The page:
The Narrative of Frederick Douglass

The Narrative of the Life of Frederick Douglass, an American Slave (1845) is an incisive, soul-piercing document. It reaches for your heart with the sincerest intention of ripping it out still-beating from the chest. Even for the most die-hard atheist, it’s hard not to see this testimony as a work brought into existence by the powers of the supernatural. The details are too excruciating; to think that it wasn’t part of some nightmarish dream, that it really happened, is why it seems only divine providence could have intervened, to institute the agency of documentation against the industrialized-scale horrors men are capable of creating, to lay the groundwork for bringing it to an end.

Douglass’s Narrative calls attention to the power of the first-person form and in his particular case, the very substance of what it means to stretch a reader’s credulity. William Lloyd Garrison writes, “It is, therefore, entirely his own production; and, considering how long and dark was the career he had to run as a slave,—how few have been his opportunities to improve his mind since he broke his iron fetters,—it is, in my judgment, highly creditable to his head and heart.” In his opinion the work is “essentially true” and in sum, this is all to suggest that the account is simply — very hard to believe — and that, in order for the readers of his era to believe it, he had to offer a seal of approval so as to get the ball rolling.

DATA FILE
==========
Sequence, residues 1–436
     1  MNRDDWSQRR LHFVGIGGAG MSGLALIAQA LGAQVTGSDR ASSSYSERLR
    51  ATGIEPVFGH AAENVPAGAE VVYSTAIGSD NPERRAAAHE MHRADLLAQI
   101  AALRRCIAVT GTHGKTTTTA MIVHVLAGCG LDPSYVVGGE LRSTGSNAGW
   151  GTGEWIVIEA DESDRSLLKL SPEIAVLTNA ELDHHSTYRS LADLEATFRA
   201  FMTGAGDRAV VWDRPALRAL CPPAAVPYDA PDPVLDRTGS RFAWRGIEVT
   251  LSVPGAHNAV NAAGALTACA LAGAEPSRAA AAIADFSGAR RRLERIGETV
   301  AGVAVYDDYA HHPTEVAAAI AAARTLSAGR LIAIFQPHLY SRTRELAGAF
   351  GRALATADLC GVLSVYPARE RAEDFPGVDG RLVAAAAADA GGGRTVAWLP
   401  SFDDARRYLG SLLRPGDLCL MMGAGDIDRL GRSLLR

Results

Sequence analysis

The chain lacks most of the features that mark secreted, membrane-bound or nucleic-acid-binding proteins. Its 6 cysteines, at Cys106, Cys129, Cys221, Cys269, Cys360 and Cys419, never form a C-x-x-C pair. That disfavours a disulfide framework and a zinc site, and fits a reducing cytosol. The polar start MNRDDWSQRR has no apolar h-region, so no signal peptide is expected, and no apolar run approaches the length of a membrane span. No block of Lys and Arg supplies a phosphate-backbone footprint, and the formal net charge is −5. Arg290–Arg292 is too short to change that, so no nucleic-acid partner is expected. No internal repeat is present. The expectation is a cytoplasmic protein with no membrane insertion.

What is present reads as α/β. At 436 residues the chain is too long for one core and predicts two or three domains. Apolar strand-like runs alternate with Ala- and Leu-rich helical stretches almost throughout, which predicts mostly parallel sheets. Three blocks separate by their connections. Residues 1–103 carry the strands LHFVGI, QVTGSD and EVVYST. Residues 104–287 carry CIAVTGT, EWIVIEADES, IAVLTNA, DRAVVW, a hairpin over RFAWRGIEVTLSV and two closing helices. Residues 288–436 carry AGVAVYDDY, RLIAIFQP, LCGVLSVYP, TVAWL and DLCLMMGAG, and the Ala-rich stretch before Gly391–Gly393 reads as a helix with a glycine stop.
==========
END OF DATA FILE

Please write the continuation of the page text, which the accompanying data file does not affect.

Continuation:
The text is one that tends to balk at analytical criticism because of the readerly tendency to wince in dismay as the tale unfolds. It is thematic material to the nth degree, pertaining to the worst of themes considerable to the human race. For the year of its release, the material is shocking, but we can thank the passing of time for uncovering “most” of what went on and presenting it to the public. In that regard, while there is no element of Southern State Slavery that is less or more inhumane over the other, one particular element glows with the intensity of pure evil.